Now I understand that there are two melodies playing,
one below the other, one easier to hear, the other
lower, steady, perhaps more faithful for being less heard
yet always present.
When all other things seem lively and real,
this one fades. Yet the notes of it
touch as gently as fingertips, as the sound
of the names laid over each child at birth.
I want to stay in that music without striving or cover.
If the truth of our lives is what it is playing,
the telling is so soft
that this mortal time, this irrevocable change,
becomes beautiful. I stop and stop again
to hear the second music.
I hear the children in the yard, a train, then birds.
All this is in it and will be gone. I set my ear to it as I would to a heart.
“The Second Music” by Annie Lighthart from Iron String © Airlie Press, 2015. Reprinted with permission. (buy now)
It's the birthday of advertising exec-turned-writer Ilene Beckerman (books by this author), born in Manhattan (1935). She didn't begin her writing career until the age of 60, and even then, she became a published author almost by accident. She had written and illustrated a book for her five children, something to remember her by. She said: "My purpose was to say things to my children one doesn't have the time to say. I wanted them to know I wasn't always their mother. I was a girl, I had best friends, we did stupid things together. I was on a bus with my friend once eating dog bones so people would look at us. I wanted them to know."
She took the book she'd written down to the ad agency she owned, to use the machines there to make a dozen photocopies. She put the copies in big red binders, covered the illustrations she had sketched with plastic sheet protectors, and handed them out to her children and a few close friends. She was done, or thought she was. Then, the cousin of a friend got ahold of one of the binders and sent it over to Algonquin Books. Pretty soon, the publisher was calling her about publishing her book. Beckerman said that they offered her "an advance that had a comma in it. I think I fainted."
The book came out in 1995, and was called Love, Loss, and What I Wore. It's the story of her life growing up in Manhattan in the 1930s, '40s, and '50s, accompanied by drawings of the clothes that she was wearing during that time. She insists that clothing plays an integral part in many women's memories, that they can recall important events or distinct spans of their lives by what they were wearing at the time. When the book came out, bookstores were not sure whether to market it as memoir or fashion. It has now sold more than 100,000 copies.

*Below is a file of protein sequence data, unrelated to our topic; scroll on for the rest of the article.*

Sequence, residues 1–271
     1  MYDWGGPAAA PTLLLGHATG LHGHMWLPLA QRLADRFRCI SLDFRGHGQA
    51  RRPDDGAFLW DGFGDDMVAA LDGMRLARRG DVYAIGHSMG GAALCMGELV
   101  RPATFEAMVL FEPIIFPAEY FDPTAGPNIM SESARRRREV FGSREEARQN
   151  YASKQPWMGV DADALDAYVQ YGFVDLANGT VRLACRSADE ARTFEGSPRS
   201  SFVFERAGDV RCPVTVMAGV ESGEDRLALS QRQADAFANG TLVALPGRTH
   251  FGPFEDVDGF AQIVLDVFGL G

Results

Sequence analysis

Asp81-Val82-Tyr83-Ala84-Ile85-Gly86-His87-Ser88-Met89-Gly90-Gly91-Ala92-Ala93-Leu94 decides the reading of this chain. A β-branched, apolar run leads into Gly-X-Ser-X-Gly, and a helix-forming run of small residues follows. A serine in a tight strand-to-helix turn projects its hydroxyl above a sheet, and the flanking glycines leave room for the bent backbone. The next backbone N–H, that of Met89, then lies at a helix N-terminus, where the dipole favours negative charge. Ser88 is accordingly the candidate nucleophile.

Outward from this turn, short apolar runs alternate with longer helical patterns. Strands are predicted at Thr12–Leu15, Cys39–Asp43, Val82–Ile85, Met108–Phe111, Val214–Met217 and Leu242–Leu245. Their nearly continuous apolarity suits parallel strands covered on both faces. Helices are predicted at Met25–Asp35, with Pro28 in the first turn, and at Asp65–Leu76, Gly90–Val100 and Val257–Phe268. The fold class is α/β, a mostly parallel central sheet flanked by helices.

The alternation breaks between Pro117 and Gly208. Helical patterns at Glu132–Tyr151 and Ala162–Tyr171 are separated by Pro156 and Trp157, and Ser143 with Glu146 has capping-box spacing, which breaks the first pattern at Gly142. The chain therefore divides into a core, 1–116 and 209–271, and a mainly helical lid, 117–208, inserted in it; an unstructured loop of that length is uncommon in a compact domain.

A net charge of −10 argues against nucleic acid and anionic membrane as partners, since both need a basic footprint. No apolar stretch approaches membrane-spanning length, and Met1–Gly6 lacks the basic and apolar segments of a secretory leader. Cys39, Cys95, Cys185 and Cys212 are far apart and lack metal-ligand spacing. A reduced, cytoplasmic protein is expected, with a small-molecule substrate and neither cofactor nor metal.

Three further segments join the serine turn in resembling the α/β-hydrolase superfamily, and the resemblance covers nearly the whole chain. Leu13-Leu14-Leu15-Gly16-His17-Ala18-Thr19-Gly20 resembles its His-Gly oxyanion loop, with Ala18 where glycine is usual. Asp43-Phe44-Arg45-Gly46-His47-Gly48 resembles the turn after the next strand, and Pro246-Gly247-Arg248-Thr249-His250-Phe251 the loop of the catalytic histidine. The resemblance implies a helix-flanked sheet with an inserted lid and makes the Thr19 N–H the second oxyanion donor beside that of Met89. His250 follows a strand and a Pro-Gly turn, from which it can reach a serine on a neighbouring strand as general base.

Beckerman insists that clothes are the least important part of her book, which she considered a memoir. The book contains advice and aphorisms from her grandmother, who raised her, such as, "If you have to stand on your head to make somebody happy, all you can expect is a big headache."
It's the birthday of psychologist and psychoanalyst Erik Erikson (books by this author), born in Frankfurt, Germany (1902). He argued that the human life cycle could be understood as a series of eight developmental stages. He said each stage has its own "crisis" that must be overcome before moving on to the next stage. For adolescents, the crisis is figuring out who you are and what you want to do with your life — and that's where the term "identity crisis" comes from.
It's the birthday of Japanese poet Kobayashi Issa (books by this author), born in Kashiwabara, Japan (1763). He's one of the masters of the Japanese form of poetry called haiku, which uses 17 syllables broken into three distinct units. He spent most of his adult life traveling around Japan, writing haiku, keeping a travel diary, and visiting shrines and temples across the country. By the end of his life, he had written more than 20,000 haiku celebrating the small wonders of everyday life.